About this Research Topic
RNA is an ancient multifunctional biopolymer. Its versatility may be seen as a restriction in specialized efficiencies where RNA is surpassed by the DNA for storage and polypeptides for structural and enzymatic functions. However, billions of years of evolution have not led to a replacement or ‘molecular extinction’ of RNA. RNA managed to remain at the core of the information decoding across all life, but also to expand in arguably later evolutionary developments such as alternative splicing and its control and gene regulation by micro, long non-coding and other types of non-messenger RNA. RNA keeps serving a multitude of functions where specific recognition of nucleic acid sequences and protein structures is required, such as in maintenance of telomeres and in bacterial adaptive immunity. The number of RNA ‘types’ continues to grow and while it is important to discover new varieties, functions and localisations of RNA, it is equally important to understand and harness the molecular mechanisms that are distinct to the RNA-enabled biological pathways.
In this Research Topic, our goal is to abstract somewhat from the physiological descriptions and enumeration of RNA species and primarily focus on the underlying mechanistic aspects that identify with the RNA-specific functions. How RNA is discriminated from DNA in particular cases of molecular recognition? Why RNA is used for certain processes rather than DNA, proteins or other macromolecules? What is a structural, thermodynamic and kinetic basis of RNA-directed reactions? The goal of this Topic is to create a place where the most recent research as well as ideas on purely mechanistic aspects of RNA as a primary biopolymer for building molecular machines could be extensively presented.
The scope of this Research Topic is indeed broad from the perspective of organisms, (patho)physiological conditions or processes involved. However, the Topic contributions must bring new, reshape, or review the existing knowledge about structure and molecular mechanisms of RNA function. Background information on biological importance enough to place the mechanisms in focus into a broader picture must nonetheless be included. We encourage research that would provide a deeply mechanistic interpretation of RNA including structural, thermodynamic and kinetic analyses and that would include genetic, evolutionary and medical considerations of RNA-mediated molecular interactions and reactions.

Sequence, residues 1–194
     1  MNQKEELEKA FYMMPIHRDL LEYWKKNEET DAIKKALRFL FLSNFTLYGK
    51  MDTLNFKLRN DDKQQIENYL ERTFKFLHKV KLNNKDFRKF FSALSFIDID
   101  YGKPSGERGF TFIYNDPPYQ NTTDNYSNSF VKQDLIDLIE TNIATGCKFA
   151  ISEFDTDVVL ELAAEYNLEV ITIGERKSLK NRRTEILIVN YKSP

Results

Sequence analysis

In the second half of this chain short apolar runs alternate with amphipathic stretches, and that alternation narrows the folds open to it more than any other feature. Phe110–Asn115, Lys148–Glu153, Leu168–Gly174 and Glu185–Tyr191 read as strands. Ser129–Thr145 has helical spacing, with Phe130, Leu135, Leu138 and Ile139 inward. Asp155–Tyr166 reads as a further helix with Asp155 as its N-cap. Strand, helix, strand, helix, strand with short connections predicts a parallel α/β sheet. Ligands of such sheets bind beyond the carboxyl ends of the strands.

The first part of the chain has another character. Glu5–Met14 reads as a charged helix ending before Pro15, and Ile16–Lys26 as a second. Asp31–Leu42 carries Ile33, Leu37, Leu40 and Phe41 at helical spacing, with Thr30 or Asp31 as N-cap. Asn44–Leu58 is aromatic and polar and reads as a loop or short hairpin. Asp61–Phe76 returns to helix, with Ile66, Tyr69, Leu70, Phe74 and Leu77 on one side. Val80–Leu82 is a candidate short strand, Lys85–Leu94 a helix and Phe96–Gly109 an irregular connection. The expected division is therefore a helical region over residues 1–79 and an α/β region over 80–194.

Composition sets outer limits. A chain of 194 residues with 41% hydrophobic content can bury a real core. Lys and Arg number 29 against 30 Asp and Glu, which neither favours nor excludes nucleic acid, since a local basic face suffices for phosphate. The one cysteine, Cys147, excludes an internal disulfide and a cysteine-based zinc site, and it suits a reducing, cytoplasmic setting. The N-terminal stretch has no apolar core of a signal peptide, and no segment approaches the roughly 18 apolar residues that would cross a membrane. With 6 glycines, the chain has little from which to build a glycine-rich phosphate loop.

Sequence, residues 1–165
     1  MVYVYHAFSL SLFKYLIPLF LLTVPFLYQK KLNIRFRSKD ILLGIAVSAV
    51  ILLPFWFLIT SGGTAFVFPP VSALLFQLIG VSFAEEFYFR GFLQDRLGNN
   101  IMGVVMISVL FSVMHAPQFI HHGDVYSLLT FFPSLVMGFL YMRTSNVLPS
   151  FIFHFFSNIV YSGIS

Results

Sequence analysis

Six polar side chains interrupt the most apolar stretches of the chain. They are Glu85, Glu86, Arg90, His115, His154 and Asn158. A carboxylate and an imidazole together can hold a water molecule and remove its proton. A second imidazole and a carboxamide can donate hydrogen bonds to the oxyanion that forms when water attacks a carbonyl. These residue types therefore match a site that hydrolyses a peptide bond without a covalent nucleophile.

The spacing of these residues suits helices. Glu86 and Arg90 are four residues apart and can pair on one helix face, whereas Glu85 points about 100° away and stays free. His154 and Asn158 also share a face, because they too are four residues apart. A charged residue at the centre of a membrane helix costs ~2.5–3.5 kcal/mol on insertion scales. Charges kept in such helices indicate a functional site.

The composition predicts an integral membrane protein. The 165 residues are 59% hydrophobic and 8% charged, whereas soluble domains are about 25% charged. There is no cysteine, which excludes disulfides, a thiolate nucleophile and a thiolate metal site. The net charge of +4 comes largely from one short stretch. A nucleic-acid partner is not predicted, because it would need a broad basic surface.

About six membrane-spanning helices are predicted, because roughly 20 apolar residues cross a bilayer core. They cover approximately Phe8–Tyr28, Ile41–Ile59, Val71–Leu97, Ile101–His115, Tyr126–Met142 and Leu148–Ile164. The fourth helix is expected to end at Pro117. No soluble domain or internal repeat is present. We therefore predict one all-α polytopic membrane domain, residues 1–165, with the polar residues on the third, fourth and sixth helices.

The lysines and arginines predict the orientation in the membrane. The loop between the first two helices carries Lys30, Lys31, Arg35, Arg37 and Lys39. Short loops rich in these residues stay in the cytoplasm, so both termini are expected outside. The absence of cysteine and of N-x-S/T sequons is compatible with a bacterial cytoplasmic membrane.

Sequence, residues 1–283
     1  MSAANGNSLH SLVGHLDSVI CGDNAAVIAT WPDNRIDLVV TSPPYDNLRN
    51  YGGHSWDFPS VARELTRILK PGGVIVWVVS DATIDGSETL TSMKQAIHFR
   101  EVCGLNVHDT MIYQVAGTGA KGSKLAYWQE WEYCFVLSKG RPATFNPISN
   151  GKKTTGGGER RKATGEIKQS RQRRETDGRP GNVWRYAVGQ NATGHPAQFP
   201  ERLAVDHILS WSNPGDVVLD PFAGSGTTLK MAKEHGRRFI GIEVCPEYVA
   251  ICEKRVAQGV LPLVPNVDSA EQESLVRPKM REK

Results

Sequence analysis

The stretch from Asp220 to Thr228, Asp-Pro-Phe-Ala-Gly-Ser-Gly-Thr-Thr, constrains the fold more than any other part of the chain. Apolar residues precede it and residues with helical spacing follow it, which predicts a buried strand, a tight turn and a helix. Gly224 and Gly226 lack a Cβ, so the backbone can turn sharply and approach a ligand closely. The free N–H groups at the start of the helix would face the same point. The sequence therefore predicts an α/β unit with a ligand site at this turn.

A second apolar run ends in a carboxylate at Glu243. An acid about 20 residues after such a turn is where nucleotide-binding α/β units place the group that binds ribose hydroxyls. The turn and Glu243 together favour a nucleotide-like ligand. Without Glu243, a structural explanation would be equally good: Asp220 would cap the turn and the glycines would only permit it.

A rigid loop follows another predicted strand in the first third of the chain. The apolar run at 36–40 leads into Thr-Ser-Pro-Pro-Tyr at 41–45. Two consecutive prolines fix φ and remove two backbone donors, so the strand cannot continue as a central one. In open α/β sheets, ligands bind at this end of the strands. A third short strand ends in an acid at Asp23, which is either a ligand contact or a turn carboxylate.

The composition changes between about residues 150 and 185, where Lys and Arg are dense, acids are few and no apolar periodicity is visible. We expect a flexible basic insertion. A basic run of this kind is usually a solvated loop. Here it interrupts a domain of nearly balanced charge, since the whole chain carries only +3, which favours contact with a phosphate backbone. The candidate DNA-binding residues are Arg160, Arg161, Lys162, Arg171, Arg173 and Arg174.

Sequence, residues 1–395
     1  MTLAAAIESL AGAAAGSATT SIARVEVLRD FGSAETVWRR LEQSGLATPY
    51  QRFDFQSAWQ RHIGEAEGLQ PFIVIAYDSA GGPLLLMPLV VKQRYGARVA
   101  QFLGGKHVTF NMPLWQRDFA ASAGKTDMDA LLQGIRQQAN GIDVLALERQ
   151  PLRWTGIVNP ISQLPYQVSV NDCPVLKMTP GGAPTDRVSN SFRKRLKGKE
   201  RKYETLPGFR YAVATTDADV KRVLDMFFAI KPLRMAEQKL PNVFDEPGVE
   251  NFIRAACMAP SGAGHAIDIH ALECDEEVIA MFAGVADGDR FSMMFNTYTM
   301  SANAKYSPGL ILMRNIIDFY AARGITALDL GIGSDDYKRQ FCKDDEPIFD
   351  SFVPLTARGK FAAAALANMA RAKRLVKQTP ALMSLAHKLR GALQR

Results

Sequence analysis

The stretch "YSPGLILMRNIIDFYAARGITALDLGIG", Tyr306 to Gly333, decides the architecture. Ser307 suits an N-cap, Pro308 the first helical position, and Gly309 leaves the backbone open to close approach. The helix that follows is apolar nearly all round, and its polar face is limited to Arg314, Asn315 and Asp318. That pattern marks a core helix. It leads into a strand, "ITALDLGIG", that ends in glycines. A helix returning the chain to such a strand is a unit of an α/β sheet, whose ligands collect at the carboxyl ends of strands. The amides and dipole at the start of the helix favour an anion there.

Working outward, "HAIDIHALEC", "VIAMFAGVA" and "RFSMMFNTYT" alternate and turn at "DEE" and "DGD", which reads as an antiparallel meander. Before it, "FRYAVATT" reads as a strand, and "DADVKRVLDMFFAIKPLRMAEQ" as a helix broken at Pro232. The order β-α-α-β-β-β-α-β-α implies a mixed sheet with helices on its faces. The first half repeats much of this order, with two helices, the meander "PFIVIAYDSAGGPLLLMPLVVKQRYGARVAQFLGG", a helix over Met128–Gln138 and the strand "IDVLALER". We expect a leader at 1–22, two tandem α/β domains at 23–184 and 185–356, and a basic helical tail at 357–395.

Summarized below are non-exclusive examples of themes that could comprise this topic. Work of any kind (original in vivo, in vitro or in silico experimental, review, commentary or highlight) is encouraged.
• RNA-encoded alternative and non-canonical splicing events.
• Molecular functions and interactions of long non-coding and circular RNA.
• Broad catalytic and catalysis-augmenting function of RNA, such as in CRISPR-Cas9 and similar systems.
• Stability, repair and degradation mechanisms involving RNA:DNA and RNA:RNA hybrids (telomeres, R-loops, retrotransposons, micro RNAs).
• Mechanisms of RNA editing.
• Variations of decoding into amino acids guided by structure and sequence of RNA (messenger, transfer and ribosomal).
• Principles and evolution of the genetic code from the perspective of RNA structure and interactions.
• Mechanisms of messenger RNA recognition and conveying by the ribosomes, such as during any or all phases of mRNA translation into proteins.
• Structural and sequence contexts of RNA nucleotide modifications and their molecular functions.
• Mechanisms of specific molecular recognition mediated by RNA structures in naturally occurring or synthetic instances, such as in RNA viruses and RNA-based biosensors, or in single-molecule nano-devices.
• Mechanisms of therapeutically applicable coding and non-coding RNA function.
Topic Editor Kirk Jensen holds patents related to the Research Topic subject. All other Topic Editors declare no competing interests.
Keywords: RNA, molecular interactions, ribozyme, catalytic RNA, RNA binding proteins, splicing, translation, transcription
Important Note: All contributions to this Research Topic must be within the scope of the section and journal to which they are submitted, as defined in their mission statements. Frontiers reserves the right to guide an out-of-scope manuscript to a more suitable section or journal at any stage of peer review.